I talked about my daughter Mary, who works in the music business, and what an odd strangely-scheduled life it is. He began talking about the inspiration for some of his songs, and he couldn’t make it through reciting the lyrics to “(Mama’s) Hungry Eyes,” without sobbing.

We were both heaving, unable to speak because of our crying. Then I told him how much I enjoyed that album of his called “Let Me Tell You About a Song,” that came out in 1972. Each song was prefaced by its origin story. That album was my gateway drug to Merle. The songs I remember from that album spoke for racial tolerance and justice.

Talking about those songs, Merle collapsed again and I helped him up and he composed himself. After a bit, we dried our eyes and decided we needed to go our separate ways. I hugged him and told him I loved him and he smiled and said it’d been a pleasure.

I go out front of the former gas station and start walking west, toward the sun. It is blinding me, but I see a caravan of three cars heading my direction, going too fast. Next to the third car is a boy riding a bicycle, banging on the window outside the back passenger seat. I look inside the car — as best I can, considering the blinding sun — and see six riders, three in each row, stoic, looking straight-ahead, ignoring the boy. I jump back on the curb just before the kid would have run me over, and keep walking.

Behind me I hear a crash and turn in time to see one of the cars sailing through the air, and into another construction site across the street. I turn around and run to  the crashed car nearest to me and pry open the door. The passengers are as before — steadfastly stoic, not at all upset by the crash. Still, I pull them from the car one by one. No sign of the boy on the bicycle.

I get the six people into the former gas station, for the accident has occurred right in front of the place, and ask the woman half of the couple of help me get water for the crash victims. I get each of them settled in one of the former car-service bays where I had been opening my heart and soul to Merle (and vice versa) just moments before. 

I need to go find the other two cars and take care of those passengers. Just then a stretch pulls up in front of the station, driven by my former girlfriend Lisa — a woman I dated more than 20 years ago and haven’t seen since. I tell her what happened and she immediately parks the car and gets out to help. We find the six people in the second car, but they are wedged in too tightly to easily remove, so we bring them cups of water until we can free them.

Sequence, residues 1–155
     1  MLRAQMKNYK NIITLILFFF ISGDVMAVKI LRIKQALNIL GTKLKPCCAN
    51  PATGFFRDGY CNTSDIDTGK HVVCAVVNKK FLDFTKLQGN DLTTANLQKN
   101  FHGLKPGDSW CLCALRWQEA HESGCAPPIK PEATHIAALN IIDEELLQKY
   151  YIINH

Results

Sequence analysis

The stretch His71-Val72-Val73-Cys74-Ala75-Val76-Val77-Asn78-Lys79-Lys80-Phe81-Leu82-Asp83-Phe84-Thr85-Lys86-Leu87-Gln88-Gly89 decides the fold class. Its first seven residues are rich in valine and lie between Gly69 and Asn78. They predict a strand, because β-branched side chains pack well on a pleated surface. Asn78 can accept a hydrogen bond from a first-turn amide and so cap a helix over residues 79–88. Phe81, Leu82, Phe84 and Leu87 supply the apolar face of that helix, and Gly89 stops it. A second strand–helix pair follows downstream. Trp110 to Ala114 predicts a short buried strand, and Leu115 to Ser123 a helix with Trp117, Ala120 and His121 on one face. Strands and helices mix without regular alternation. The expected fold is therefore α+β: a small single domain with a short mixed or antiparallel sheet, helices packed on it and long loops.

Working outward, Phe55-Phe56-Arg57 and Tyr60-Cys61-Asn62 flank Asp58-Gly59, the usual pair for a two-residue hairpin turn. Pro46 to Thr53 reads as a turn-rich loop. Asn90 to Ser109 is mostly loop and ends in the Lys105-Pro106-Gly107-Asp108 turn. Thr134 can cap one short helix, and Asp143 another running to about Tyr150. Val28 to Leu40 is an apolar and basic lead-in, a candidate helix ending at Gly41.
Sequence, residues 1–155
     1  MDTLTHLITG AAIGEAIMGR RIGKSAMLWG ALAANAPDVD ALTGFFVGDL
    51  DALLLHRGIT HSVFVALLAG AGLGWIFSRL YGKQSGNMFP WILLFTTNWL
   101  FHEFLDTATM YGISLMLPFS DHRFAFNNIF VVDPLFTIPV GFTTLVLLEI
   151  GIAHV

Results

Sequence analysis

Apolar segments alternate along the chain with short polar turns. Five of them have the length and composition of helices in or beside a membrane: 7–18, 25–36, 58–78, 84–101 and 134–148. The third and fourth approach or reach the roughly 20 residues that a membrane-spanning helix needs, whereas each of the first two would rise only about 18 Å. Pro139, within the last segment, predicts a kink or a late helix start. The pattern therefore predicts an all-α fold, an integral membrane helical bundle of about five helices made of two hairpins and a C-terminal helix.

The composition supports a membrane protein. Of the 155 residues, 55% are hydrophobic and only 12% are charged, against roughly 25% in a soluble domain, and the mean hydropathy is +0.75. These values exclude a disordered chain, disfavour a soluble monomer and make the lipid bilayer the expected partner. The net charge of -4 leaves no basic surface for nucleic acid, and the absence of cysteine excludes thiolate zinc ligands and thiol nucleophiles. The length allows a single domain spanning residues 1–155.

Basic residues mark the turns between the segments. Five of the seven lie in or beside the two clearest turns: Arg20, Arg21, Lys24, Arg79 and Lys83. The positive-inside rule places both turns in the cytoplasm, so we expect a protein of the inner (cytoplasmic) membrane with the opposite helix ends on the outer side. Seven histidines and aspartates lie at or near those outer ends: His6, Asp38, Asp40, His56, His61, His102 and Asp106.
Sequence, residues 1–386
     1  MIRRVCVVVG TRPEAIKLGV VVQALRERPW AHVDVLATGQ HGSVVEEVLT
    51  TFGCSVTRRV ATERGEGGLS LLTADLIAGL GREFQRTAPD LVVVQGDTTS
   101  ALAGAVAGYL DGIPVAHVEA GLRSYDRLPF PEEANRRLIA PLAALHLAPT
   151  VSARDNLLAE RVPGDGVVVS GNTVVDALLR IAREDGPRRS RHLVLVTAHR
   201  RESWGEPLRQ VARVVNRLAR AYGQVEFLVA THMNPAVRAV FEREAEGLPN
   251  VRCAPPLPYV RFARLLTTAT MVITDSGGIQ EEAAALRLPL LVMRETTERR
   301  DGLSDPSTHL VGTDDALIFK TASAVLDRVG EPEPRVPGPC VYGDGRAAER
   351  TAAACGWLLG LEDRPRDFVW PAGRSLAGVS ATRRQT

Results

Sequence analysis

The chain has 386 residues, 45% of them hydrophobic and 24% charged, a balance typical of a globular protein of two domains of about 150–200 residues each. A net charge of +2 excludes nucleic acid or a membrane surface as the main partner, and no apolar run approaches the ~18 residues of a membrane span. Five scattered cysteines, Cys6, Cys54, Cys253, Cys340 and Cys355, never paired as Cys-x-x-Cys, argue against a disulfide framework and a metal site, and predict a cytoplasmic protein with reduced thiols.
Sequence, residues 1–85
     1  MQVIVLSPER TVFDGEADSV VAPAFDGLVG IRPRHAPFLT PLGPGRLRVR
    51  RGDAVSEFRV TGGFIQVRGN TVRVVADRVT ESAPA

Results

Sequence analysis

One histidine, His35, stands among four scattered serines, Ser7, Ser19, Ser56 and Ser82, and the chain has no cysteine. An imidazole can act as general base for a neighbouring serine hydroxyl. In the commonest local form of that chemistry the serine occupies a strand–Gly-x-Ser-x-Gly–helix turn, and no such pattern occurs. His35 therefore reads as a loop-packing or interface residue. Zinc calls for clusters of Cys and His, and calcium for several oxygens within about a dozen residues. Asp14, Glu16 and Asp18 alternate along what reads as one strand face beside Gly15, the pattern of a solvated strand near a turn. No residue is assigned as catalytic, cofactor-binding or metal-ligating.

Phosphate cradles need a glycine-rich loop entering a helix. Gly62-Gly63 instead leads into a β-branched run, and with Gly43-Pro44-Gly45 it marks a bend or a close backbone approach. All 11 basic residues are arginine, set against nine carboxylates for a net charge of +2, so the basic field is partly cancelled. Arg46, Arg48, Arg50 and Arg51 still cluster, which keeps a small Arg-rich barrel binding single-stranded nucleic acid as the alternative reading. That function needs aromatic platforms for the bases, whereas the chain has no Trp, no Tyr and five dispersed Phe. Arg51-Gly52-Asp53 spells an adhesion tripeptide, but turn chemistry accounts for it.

Still no sign of the boy.

Then I wake.

Merle Haggard
Let Me Tell You About a Song
1972

Dying / Not Dying

I’d begun losing weight on the run-up to gastric surgery. The change in my controversial girth was noticeable and it was remarkably easy to maintain the pre-op diet. I saw light at tunnel’s end.

This is Part 44 of my Asshole blog.

You can do anything if you know it’s going to end soon. So I quickly developed a taste for protein bars and spoke at length on the virtues of one brand over another. God, I must’ve bored the shit out of people.

I cut back on the beer and, although my diet was far from being a well-balanced ideal, it was helping with the goal: reducing my bulk, so there was less of me on the operating table.

After the surgery, I left the hospital and had the most splendiferous recovery of any of my multitude of medical procedures. The weight fell off in regular intervals. Within four months, I was buying significantly smaller pants — down eight inches. The wall in the kitchen where I measure family height showed another change. I appeared to be getting taller by an inch or two. I suppose it was a change in posture brought on by not carrying additional weight.

There was another possible bodily change about which I was curious.

I’d always struggled with weight. At one point, still in my twenties and living in Bowling Green, Kentucky, I joined Weight Watchers. There were about 85 regular members at the meetings and aside from me, only one male.

That male was an unusual bloke. Feeling outnumbered, we developed a habit of sitting together. He was like a character in a John Updike story. Like the protagonist in Updike’s novel A Month of Sundays, this fellow — Milton was his name, if memory serves — was a pastor who ministered to the women of his flock in secret and carnal ways.

He was much heavier than me and was in a long struggle with his body. I would estimate that when I knew him, he was circling 300 pounds, about ready to land. He’d been in Weight Watchers longer than me and had already lost sixty.

We shared a table and talked about our different lives. I was a young married professor with a new baby at home. He was a single, randy member of the clergy. This is when he bragged, under his breath, about his many physical and spiritual conquests.

“Have you noticed,” he asked, his eyes darting around the room to see if any of the women were in earshot, “that for every twenty pounds you lose, you gain an inch of your manhood?” The way he studied me from under his eyebrows told me that this was his main motivation for weight loss.

I lost about forty pounds during that Weight Watchers stretch. After gastric surgery, I lost 85 pounds and unfortunately can neither confirm nor deny that in either case the horny pastor’s speculation on genitilia was accurate.